Robert notes that several lines of evidence—the presence of Neanderthal tools, the geological evidence and the analysis of the engravings themselves—converge to demonstrate that the cave walls were adorned by Neanderthals.

“The authors present as convincing a case as can be made from a site disturbed by early excavations that the animal and human marks on its walls were left long before the arrival of our own species in Europe,” says archaeologist Paul Pettitt of Durham University in England, who wasn’t involved with the research. “Given that the cave’s archaeology is exclusively indicative of Neanderthals, with no evidence of subsequent Upper Paleolithic occupation, presumably because the cave was by this time inaccessible, this provides strong indirect, cumulative evidence that Neanderthals produced the finger markings.”

Humans from our family of ancestors began expressing themselves visually a very long time ago; Homo erectus carved zigzag patterns onto a shell more than half a million years ago. A series of handprints and footprints, which may have been deliberately placed by hominin children some 200,000 years ago, has been found on the Tibetan Plateau.

Neanderthals, or Homo neanderthalensis, may also be responsible for the world’s oldest known cave paintings. Pettitt was part of a team that found 65,000-year-old paintings in three Spanish caves that they attribute to Neanderthal artists. The early humans left red pigmented designs by drawing around their hands or pressing stained fingertips to the walls.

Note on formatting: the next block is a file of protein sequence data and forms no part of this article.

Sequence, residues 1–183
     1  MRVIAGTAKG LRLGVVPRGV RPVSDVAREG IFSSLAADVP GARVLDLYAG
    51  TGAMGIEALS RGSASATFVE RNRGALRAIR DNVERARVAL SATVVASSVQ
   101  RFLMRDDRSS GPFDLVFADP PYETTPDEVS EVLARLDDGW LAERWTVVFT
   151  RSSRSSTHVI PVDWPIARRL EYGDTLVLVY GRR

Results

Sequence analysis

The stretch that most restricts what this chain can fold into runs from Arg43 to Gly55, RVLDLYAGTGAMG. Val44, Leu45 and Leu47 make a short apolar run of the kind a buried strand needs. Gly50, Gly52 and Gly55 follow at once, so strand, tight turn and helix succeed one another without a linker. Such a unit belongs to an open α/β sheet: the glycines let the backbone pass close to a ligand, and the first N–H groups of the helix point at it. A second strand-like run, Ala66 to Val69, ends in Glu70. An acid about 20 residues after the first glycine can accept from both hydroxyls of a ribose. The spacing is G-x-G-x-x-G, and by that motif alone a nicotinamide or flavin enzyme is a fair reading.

Examples of Homo sapiens’ very different style of cave art appear later. A purplish pig found on the walls of a cave hidden in a highland valley on the Indonesian island of Sulawesi was painted an estimated 45,500 years ago. If that date is correct, the Leang Tedongnge cave could be the earliest known work of figurative art, in which painters recreate real-world objects rather than producing abstract designs. The collections at Spain’s El Castillo cave and France’s Chauvet cave, where sophisticated lions and mammoths were painted perhaps 30,000 to 40,000 years ago, are notable early examples of this complex, figurative art that is unlike anything Neanderthals are known to have produced—at least so far.

But that distinction doesn’t necessarily mean that Neanderthal creations should be regarded as products of simpler minds or thought processes. Robert believes that comparisons between Neanderthal and Sapiens traditions aren’t necessary. For each species, he believes, the appearance of prehistoric carvings and paintings is less about when people were capable of making them and more about when social dynamics created a need for them at a specific time—even if those needs are a mystery to us today.